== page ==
Kia Sorento Road Trip With Teens
It’s been on my mind to want to take the kids to more places and do more exploring in our glorious state of California. There are many places the kids have never been and I’m making a min-bucket-ish-list of places to take them before they graduate high schcool and are on their own. Both are teens now and I know this time from now until 18 will zoom by. Once they are adults and in college and working I know there will be less time for this, and they might want to do more things with their friends instead as family trips.
On my list are Northern California, like Humbolt, Hurst Castle, Cambria, & Sacramento, Catalina, Pismo Beach, and more. The problem is my car has almost 200,000 miles and I try to keep it more local in case I have any problems. But sometimes the stars align perfectly. This week with a 2016 Kia Sorento SX I had for the week to review.
The car was extremely comfortable and seated 7, or in our case three plus luggage. Both kids (one over 5’10 and one over 6″) fit in the back seat and still had leg room. The stereo system was equipped with GPS, Sirus Radio and I was able to connect my cell phone to it to answer incoming calls.
It even had settings on the steering wheel for the phone.
So, with this awesome car we were off and did a road trip to explore California.
I took the kids up north about 1 1/2 hours to Solvang. It is a small Danish village with lovely shops and the friendliest people. Cars stop to let you cross the street. A lot of visitors go shop-to-shop on foot. If I needed directions everyone was friendly and helpful.
A shop of bowls and hanging lights
We stayed at the Atterdag Inn, a newly furnished hotel just off the main street. Close to all the shops but away from the noise of cars on the main road. We had a room that had a king-sized bed (for me) and a bunk bed the kids shared. There was also large windows letting in the sunlight, a mini-fridge, table and chairs and a nice sized bathroom. It also had a beautiful private courtyard.
Beautiful Red and White decor; Twin bed and table with four chairs.
King size bed with special gift bag for me from the City of Solvang.
(Yes, they made me feel extra special).
Besides Danish shops Solvang also has antique and tourist shops, a weekly farmer’s market on Wednesdays, five museums, some statues, five windmills and a mission. They also have American cuisine, where burgers and fries are on the menu.
Sunset on one of the Solvang buildings as we were getting ready to head to our hotel room for the night.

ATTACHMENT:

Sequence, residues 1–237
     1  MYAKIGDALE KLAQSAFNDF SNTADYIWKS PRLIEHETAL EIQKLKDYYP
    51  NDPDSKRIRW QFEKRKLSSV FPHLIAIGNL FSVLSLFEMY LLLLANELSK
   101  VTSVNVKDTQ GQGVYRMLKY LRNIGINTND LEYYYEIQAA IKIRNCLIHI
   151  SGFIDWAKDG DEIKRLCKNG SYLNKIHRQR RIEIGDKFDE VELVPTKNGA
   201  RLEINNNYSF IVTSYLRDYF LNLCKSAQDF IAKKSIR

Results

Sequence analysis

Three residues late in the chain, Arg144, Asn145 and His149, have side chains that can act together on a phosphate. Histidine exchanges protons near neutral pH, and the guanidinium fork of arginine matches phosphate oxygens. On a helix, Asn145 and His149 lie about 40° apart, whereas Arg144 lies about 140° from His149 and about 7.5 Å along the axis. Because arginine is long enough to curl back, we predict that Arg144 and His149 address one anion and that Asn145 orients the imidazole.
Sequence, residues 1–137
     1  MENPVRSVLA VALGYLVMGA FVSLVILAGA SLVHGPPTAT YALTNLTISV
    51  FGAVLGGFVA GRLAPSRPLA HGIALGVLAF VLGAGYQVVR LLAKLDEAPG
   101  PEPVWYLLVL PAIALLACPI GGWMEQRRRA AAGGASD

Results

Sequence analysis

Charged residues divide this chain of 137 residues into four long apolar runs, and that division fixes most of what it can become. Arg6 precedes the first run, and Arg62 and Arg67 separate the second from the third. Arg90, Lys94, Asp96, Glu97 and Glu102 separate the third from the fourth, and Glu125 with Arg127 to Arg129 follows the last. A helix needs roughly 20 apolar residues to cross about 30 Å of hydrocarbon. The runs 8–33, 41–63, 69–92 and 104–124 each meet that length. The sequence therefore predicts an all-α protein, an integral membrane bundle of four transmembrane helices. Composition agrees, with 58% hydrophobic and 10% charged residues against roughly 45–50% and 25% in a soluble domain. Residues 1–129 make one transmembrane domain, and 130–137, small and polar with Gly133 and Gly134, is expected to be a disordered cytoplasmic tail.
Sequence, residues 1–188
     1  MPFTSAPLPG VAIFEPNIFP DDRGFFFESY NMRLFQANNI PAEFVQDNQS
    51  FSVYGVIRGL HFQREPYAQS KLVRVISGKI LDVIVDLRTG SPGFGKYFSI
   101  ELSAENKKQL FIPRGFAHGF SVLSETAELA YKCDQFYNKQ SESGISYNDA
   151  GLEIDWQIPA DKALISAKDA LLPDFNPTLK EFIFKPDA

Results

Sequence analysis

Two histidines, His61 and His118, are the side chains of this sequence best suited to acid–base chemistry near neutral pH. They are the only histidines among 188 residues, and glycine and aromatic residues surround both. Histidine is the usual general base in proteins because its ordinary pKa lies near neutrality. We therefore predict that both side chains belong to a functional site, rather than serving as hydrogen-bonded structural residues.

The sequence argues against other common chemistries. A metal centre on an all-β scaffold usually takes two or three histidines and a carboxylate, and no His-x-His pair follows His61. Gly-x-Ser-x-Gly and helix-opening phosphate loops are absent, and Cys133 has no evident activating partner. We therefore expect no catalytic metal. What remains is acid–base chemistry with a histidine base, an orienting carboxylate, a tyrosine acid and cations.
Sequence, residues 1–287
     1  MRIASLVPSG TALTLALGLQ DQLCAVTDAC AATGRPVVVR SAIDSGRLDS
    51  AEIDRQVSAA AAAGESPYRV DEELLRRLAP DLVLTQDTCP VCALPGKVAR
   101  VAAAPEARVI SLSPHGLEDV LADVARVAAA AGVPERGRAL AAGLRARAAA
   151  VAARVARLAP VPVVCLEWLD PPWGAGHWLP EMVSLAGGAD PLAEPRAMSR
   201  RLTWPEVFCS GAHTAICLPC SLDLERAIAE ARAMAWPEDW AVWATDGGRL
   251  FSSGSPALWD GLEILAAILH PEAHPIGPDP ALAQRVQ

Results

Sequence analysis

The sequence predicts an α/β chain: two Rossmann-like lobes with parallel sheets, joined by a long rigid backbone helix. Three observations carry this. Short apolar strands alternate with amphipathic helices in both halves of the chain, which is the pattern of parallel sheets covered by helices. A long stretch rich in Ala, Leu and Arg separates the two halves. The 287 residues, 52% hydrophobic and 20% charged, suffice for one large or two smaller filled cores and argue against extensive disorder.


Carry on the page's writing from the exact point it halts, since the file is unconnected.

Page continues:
While there we tried to see it all, including the farmer’s market, the Hans-Christian Anderson Museum and the Santa Inez Mission.
Fresh produce, honey, candles, kettle corn and more at the Farmer’s Market every Wednesday.
Giant Red Clog that has its own hashtag. One of many beautiful windmills.
We also dined for lunch at the Green House Cafe, a modern Nordic bistro. Nordic foods are considered a blend of: Denmark, Sweden, Norway, Finland and Iceland. Traditional foods are are: seafood, pork, cheese and bread. The Green House Cafe is open daily for breakfast and lunch. We tried a variety of their most famous dishes, including the Nordic Combo, Open Face Combo and Kaela had a Nordic burger, which had a soft toasted bun and caramelized onions inside. I tried the first two dishes, and loved the variety of meats and cheeses. This is a great place to dine if you want a nice sit-down place to try traditional foods and still have items on the menu for picky eaters. They also had soups and salads.
Traditional Nordic Cold Plate of Open Faced Sandwiches
Traditional Nordic Hot Plate With Meat, Pan-Fried Potatoes, Red Cabbage and Gravy. Cheeseburger with Caramelized Onions and Fries.
We stayed over night at the Atterdog Inn and explored Solvang more the next day before heading home. The hotel even offered free bike rental for guests.
On our way out of town we stopped by the Santa Inez Mission. I thought it was a great way to add some hands-on education to our trip. We’d visited a few of the California missions a few years ago as a part of 3rd grade social science so the kids were familiar with them and their history. It cost $5 per person for a self-guided tour of the museum and outside grounds, which included a large garden and a cemetery. We also saw the large fields where orchards or olive trees used to grow. The mission would harvest olives and sell the olive oil, which they still sell in the gift shop.
Stone floors, tall ceilings, a cemetery, garden and even olive orchard at the Santa Inez Mission.
It was really windy standing over the top of the Mission’s Olive Orchard.
I was on a quest to get a ’13-16″ cheese danish by the big windmill’ for a friend, with no other directions and found it on the third windmill with help from the local shopkeepers. We also bought some baked goods to take home.
We made it home the next day, driving past the beach on the way through Santa Barbara and Ventura. When on the 154 highway I was reminded of an abandon castle in Santa Barbara. I took the kids up there a few years ago and we couldn’t find it. So on Saturday we drove back up there and explored the castle. With detailed directions and pictures found online we easily found it spent a few hours there. The castle is actually an abandon mansion that caught on fire a few decades ago and never repaired.
We had to park on the side of the canyon road, in the dirt and the car handled everything smoothly.
Gorgeous roads with trees sometimes meeting in the middle to create a canopy of shade.
The Kia Sorento took the bends of the road nicely as we drove a few miles into the canyon to get there and back. We were have an amazing adventurous week and created some lifelong memories.